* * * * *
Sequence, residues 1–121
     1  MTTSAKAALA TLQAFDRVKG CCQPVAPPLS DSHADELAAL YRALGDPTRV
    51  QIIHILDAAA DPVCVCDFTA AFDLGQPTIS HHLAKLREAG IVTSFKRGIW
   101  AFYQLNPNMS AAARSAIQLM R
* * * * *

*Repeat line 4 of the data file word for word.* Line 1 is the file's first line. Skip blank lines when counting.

   101  AFYQLNPNMS AAARSAIQLM R